Exit of UN special envoy for Syria heralds new phase
BEIRUT - UN Special Envoy for Syria Staffan de Mistura will be leaving office at the end of November having failed — like his two predecessors — to solve the Syrian crisis. Algerian diplomat Lakhdar Brahimi threw in the towel in 2014 as did his predecessor, former UN Secretary-General Kofi Annan, in 2012.
They worked in very different times than did de Mistura, whose tenure witnessed the rise of the Islamic State and start of the Russian military intervention in 2015, two factors that fully changed dynamics of the Syrian battlefield.
Brahimi and Annan handled a conflict between Damascus and its political and armed opponents, aimed, back then, at decapitating Damascus and creating a Transitional Government Body with “full executive powers.” All of that is history, having been scrapped by de Mistura, who realised early on that nothing would pass unless OK’d by the Russians and the only acceptable endgame for them was a new constitution, followed by presidential elections in which President Bashar Assad could run for a fourth presidential term, when his present one ends in 2021.
De Mistura’s UN-mandated Geneva process, currently in limbo, has been largely eclipsed by two parallel political tracks — Astana, which kicked off in early 2017, and Sochi, the brainchild of Russian President Vladimir Putin.
Few Syrians are shedding tears over de Mistura’s departure. In Damascus, officials accused him of having been a dishonest broker who favoured the opposition during all stages of the Geneva talks.
The opposition is equally furious with the 71-year-old Italian diplomat, claiming he worked with the Russians not to change the regime but to change the opposition. They accuse him of working only with Russia-approved opposition figures who accept Moscow’s version of the Syrian endgame.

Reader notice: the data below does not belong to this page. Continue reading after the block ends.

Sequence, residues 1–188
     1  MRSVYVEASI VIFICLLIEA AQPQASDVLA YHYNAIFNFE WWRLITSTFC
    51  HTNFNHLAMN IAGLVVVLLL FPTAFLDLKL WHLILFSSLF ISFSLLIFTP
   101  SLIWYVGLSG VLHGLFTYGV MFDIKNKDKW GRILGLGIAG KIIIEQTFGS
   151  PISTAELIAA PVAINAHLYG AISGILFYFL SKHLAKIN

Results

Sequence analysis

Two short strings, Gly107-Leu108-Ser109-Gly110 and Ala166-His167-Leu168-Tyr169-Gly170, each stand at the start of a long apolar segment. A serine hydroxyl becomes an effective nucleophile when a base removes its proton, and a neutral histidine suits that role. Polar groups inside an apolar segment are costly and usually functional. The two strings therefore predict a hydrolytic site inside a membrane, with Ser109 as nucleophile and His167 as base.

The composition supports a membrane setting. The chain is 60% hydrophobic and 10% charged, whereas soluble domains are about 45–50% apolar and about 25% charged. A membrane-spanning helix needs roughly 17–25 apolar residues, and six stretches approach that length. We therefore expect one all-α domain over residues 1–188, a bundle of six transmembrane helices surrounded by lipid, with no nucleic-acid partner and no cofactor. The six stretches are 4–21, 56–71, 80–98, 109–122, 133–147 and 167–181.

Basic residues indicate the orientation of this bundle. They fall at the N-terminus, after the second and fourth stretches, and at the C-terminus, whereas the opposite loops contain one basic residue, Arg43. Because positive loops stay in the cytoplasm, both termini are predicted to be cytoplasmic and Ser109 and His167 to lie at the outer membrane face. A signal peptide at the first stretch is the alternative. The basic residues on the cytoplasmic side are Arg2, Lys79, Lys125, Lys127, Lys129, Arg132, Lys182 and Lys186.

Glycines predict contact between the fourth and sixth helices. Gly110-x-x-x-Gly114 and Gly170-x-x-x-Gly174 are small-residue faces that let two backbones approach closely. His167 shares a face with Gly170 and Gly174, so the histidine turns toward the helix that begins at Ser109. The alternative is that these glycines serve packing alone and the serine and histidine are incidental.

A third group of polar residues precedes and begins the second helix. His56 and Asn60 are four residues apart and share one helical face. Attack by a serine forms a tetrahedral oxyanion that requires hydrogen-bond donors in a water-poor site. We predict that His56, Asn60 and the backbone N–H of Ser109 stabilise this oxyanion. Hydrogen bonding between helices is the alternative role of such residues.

In a last-minute effort to depart with grace, de Mistura is hoping to begin the constitutional talks before the end of next month — a far-fetched goal that will be very difficult to achieve.
Neither camps of the Syrian conflict is yet to accept de Mistura’s 50 names for the constitutional committee, drafted as independents and representatives of civil society, and they disagree on who will lead the committee and what its mandate and timetable will be.
Instead of facilitating the process, the two sides have stopped engaging with the departing UN envoy, preferring to work with whoever will replace him.
Four names are making the rounds in UN circles, chosen from diplomatic jobs in conflict zones. One is Nickolay Mladenov, a 46-year-old former foreign minister of Bulgaria, who, since 2015, has been the UN special coordinator for the Middle East peace process. Before that he served as minister of defence and UN envoy to Iraq and as an adviser to the World Bank
However, the Russians claim he is too pro-American. They suggest Jan Kubis, a former foreign minister of Slovakia, who is UN special envoy for Iraq. The United States is unhappy with that nomination, saying Kubis is doing a fine job in Baghdad and is likely to play an important role now that the country has a new president and a new prime minister.
The third nominee, acceptable for both the Russians and the Americans — and surprisingly, Damascus as well — is Ramtane Lamamra, a former foreign minister of Algeria, who held office during the first four years of the Syrian conflict.
He was sympathetic to the Syrian government, famously saying in December 2016, that the “Syrian state has regained sovereignty over Aleppo” and destroyed the ambitions of those who wanted “terrorism to win.” The Syrian opposition is obviously opposed to him but he seems to have the backing of Arab countries, in addition to the United States and Russia.
The fourth candidate is a compromise, nominated by UN Secretary-General Antonio Guterres. He is the Norwegian Ambassador to China and former Ambassador to the United Nations Geir Pedersen. From 1998-2003, he served as special representative to the Palestinian National Authority and later as special coordinator for Lebanon after the Rafik Hariri assassination in 2005, making him well-versed in Arab affairs.
Deep inside, most Syrian politicians are indifferent about de Mistura’s replacement, claiming that policy over Syria is being decided by the presidents of Russia, Turkey and Iran, leaving very little room for the United Nations or any top diplomat, no matter how seasoned.
It is those presidents, however, who are insisting on a replacement to de Mistura, one whom they can mould to their liking and eventually use to give a UN umbrella to whatever endgame they agree upon for Syria, either at Astana or in Sochi.